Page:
Time and time again in Germany, I am met by the same question from new people.
“So what made you move to Berlin?”
Usually I will reply with something like “mein Deutsch zu verbessern” (to improve my German) or “ein Abenteuer zu haben” (to have an adventure). But today, after a couple of important dates I wanted to talk about it in more detail.
The important dates are as follows. On the 15th of November, I celebrated six months in Berlin. Six months of living abroad, six months of going at it alone. Six months since I cried leaving my boyfriend of a year at the airport – making it also a year and a half that we have now been together. A couple of days later, the 18th of November, my best friend’s birthday. The first time missing her party in a long while. But also, three years since my Grandma passed away.
Gisela Charlotte Johanna Cowan was born in Berlin in 1926. A real life Berliner. A woman with a fierce personality and a lap more comfortable than any chair in the house. She was smart, she was mischievous, she was stubborn and she was never satisfied with any of her Grandchildren’s hair (“Go get a comb!”). She made the best potatoes I’ve ever had. Grandma was the head of our family, the Boss. The staple that pinned everything together.
In my second year of university, I got the opportunity to have a year abroad in Berlin. I turned it down – much to the upset of my Grandma. At the time, I worried a year out would only elongate my degree and serve little purpose towards my end goal of being a writer. As I explained this to Grandma, she, undeterred as ever, pointed out: “But if you don’t go anywhere, what are you going to write about?”
Of course, she was right.
By that time, Grandma had already been diagnosed with vascular dementia. Over the years, her condition worsened, robbing her of her memories and stopping her from being able to look after herself. It was horrible watching her struggle with what day it was, who she was or where she was going.
Her personality changed. She was no longer the Grandma we used to know. She could be childlike, naughty even, refusing to eat her vegetables and farting at the dinner table. She’d wake up from a nap and think it was a new day or make food for visitors that weren’t even in town. It was heartbreaking, traumatic, painful; but sometimes funny in the most bittersweet of ways. As my mum said at the time, if you don’t laugh about it, you’ll cry.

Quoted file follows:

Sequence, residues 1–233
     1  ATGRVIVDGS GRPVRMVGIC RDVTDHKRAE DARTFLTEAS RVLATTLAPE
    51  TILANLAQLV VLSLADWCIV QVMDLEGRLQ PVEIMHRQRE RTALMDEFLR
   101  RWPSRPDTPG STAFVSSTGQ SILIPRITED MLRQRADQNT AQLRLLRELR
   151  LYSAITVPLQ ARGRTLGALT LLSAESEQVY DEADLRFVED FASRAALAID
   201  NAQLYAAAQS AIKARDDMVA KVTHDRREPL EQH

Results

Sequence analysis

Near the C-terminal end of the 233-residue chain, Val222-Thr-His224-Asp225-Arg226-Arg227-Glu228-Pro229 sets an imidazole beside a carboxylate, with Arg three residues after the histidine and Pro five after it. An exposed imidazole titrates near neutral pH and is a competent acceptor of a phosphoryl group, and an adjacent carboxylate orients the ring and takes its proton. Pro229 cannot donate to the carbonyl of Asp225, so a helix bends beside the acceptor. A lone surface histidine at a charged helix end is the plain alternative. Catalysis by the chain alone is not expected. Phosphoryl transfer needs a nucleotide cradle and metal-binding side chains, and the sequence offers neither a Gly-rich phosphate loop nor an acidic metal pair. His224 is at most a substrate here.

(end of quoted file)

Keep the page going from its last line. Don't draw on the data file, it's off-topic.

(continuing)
On occasion, my Grandma would turn to me and ask “when are you going?”. It took me a while to understand what she meant. Somehow the memory of my year in Berlin had been stored away and she was always waiting for me to leave. I don’t know at what point it was that I stopped explaining that it was no longer happening – it was too much to keep disappointing her every time. Now, I wonder if the seeds of my move this year had already been planted way back then.
Grandma died on the 18th of November 2014 aged 88. I was shocked by how quickly my eyes filled with tears after I heard the news, before I’d even processed what it truly meant. I miss her now more than ever before. I wish she could have known that I would finally go.
Whenever I have doubts about being in Berlin or what I am doing with my life, I think about my Grandma. She always knew what was best about a million years before any of the rest of us. She has three children and seven grandchildren living out there in the world, thinking of her and using what she taught them everyday of their lives. That’s pretty awesome.
What’s more, I say I’m half German (two half German parents, will write about that at some point and link it when I can) but really what do I even know about my heritage and past? About where my family came from (both sides) and what they experienced? The more I dig up, the more incredible I find it, all of it. The more I want to tell other people. The more I am going to write.
I’ve said it already but I’ll say it again: Grandma was right.